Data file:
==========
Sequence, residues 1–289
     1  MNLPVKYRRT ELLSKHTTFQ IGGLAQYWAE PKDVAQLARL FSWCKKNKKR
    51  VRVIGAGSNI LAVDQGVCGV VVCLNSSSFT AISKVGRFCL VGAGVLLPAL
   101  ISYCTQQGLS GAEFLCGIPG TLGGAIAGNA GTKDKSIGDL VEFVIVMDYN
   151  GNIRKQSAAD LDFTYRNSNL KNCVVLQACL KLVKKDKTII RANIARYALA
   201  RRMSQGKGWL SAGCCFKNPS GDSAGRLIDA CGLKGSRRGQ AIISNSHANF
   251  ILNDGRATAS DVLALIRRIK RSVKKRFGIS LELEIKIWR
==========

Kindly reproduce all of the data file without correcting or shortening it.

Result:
Sequence, residues 1–289
     1  MNLPVKYRRT ELLSKHTTFQ IGGLAQYWAE PKDVAQLARL FSWCKKNKKR
    51  VRVIGAGSNI LAVDQGVCGV VVCLNSSSFT AISKVGRFCL VGAGVLLPAL
   101  ISYCTQQGLS GAEFLCGIPG TLGGAIAGNA GTKDKSIGDL VEFVIVMDYN
   151  GNIRKQSAAD LDFTYRNSNL KNCVVLQACL KLVKKDKTII RANIARYALA
   201  RRMSQGKGWL SAGCCFKNPS GDSAGRLIDA CGLKGSRRGQ AIISNSHANF
   251  ILNDGRATAS DVLALIRRIK RSVKKRFGIS LELEIKIWR